- Openreach puts April 2020 date on SOGEA and SOGFast VoIP products, coinciding with G.fast commercial launch.
- COVID‑19 outbreak forces engineers to take a break, with domino effect across UK ISPs.
Openreach launched its Single Order Generic Ethernet Access (SOGEA) product, a standalone broadband service for UK communications providers (CP), marking what it described as the “beginning of the end” for landline voice services. A full commercial launch on 1 April 2020 made SOGEA available for all CPs but limited geographically to areas covered by full‑fibre or G.fast rollouts.
SOGEA replaces dedicated analogue telephone lines, instead bundling voice into the broadband connection, utilising IP telephony. Adoption of SOGEA is a key step towards turning off the Public Switched Telephone Network (PTSN), scheduled for 2025. SOGEA refers to fibre‑to-the‑cabinet (FTTC) broadband services, while SOGFast is the G.fast variant. There will be a voice‑only option, Single Order Transitional Access Product (SOTAP), for those not requiring broadband.
BT Consumer has been an early adopter, but it is anticipated that further CPs will join in the near future. In order to reach the 2025 deadline for a PSTN switch‑off, CPs must migrate an average of 50,000 customers to voice‑over‑IP (VoIP)‑based products each week for the next five years. With SOGEA, Openreach hopes to make this a reality by taking advantage of the recent change in industry mindset, having previously struggled to persuade CPs of the benefits of wide‑scale migration to all‑IP voice provision (BTwatch, #276 and #303).
G.fast goes official but coronavirus spoils the party
Separately, but relatedly, Openreach confirmed the commercial launch of its G.fast broadband product. From 1 April 2020, the offering moved out of an Early Market Deployment phase that has lasted several years.
The official commercialisation means that the up‑to‑330Mbps FTTC service sees some service level aspects finalised, despite the technology already covering approximately 2.7 million UK premises. This footprint is not expected get significantly bigger, however, with a shift in focus to full‑fibre deployment in 2018 seeing G.fast coverage targets reduced by more than seven million, down from an initial ten million premises target by March 2021 (BTwatch, passim).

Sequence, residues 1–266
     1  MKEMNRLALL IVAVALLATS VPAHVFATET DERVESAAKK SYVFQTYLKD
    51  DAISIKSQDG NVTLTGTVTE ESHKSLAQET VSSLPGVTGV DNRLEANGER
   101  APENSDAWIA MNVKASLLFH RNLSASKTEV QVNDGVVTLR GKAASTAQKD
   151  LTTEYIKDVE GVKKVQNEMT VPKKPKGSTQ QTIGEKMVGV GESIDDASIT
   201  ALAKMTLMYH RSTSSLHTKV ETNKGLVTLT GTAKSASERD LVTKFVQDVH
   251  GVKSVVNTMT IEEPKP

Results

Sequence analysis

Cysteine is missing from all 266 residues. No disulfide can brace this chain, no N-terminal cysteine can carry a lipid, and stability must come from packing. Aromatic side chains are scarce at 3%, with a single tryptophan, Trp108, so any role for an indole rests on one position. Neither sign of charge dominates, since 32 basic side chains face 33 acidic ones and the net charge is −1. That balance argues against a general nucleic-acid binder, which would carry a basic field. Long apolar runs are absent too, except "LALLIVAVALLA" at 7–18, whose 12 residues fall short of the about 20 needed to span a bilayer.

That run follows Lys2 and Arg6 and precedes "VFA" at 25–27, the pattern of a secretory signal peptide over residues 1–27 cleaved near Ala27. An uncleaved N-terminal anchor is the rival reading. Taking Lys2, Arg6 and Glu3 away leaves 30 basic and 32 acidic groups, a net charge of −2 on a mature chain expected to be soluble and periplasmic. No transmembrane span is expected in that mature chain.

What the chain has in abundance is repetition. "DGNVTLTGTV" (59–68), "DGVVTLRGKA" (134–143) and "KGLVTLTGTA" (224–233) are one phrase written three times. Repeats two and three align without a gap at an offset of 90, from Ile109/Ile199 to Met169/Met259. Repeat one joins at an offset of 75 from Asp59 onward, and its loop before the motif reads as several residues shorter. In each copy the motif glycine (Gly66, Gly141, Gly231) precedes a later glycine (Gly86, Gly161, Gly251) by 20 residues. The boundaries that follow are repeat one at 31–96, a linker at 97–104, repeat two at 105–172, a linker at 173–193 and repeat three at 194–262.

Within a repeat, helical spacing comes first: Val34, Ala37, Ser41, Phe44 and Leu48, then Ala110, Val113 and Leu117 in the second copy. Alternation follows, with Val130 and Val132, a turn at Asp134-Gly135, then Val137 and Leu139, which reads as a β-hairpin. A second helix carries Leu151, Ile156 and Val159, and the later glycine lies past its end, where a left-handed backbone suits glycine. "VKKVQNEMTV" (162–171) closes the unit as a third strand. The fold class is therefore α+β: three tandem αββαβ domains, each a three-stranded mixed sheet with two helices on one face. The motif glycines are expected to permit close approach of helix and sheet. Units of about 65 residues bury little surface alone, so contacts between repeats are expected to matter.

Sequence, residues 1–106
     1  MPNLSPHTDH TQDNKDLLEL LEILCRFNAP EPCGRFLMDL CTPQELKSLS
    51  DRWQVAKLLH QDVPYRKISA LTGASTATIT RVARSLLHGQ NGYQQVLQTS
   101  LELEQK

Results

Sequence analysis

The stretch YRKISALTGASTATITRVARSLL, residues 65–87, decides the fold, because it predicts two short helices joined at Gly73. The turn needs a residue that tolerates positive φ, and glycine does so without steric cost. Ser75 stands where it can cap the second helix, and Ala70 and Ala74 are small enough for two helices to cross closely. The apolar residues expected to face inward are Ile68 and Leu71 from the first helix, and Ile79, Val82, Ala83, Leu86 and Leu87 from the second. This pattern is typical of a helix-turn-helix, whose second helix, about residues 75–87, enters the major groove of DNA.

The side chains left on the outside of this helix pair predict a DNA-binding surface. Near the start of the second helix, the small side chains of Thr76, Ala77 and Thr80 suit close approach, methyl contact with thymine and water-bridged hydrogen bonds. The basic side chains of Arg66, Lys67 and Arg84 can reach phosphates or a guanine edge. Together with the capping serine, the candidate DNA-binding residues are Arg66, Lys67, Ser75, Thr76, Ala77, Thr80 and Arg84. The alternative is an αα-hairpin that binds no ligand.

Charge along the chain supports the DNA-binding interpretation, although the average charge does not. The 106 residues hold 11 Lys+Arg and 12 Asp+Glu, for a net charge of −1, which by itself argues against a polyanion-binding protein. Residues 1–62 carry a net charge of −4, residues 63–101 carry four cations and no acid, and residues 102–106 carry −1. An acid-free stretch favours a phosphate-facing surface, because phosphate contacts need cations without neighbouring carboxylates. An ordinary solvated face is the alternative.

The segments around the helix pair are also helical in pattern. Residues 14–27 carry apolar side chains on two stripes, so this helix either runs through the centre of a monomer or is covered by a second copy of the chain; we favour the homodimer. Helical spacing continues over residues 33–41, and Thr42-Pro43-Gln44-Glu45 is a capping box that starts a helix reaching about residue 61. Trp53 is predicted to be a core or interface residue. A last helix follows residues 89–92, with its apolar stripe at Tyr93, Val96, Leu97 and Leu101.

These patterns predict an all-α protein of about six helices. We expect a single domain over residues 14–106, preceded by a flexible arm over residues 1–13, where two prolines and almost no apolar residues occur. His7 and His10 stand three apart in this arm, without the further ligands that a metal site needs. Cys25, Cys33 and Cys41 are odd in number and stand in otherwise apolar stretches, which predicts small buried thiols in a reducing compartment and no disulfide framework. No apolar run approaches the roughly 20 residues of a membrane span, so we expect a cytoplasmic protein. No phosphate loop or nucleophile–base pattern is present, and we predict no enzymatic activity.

Virus spreads to broadband installs
The impact of COVID‑19, although felt in every sector, has begun to affect home broadband and phone installations.
Openreach called time on the majority of new service provisions, effective 25 March 2020. This decision halted all indoor premises visits and paused installation (or upgrade) of a number of products, including SOGEA and SOGFast, as well as FTTC and fibre‑to-the‑premises.
The access services business said it would “prioritise only the essential work”, which apparently means a focus on on‑street repairs and maintenance (see separate report). Virgin Media has also minimised in‑home visits that its engineers are carrying out.
Openreach’s decision to halt work deemed non‑essential has had a knock‑on effect on internet service providers. BT and Sky Broadband were among those to block new orders for ultrafast services that would ordinarily require an in‑home engineer visit.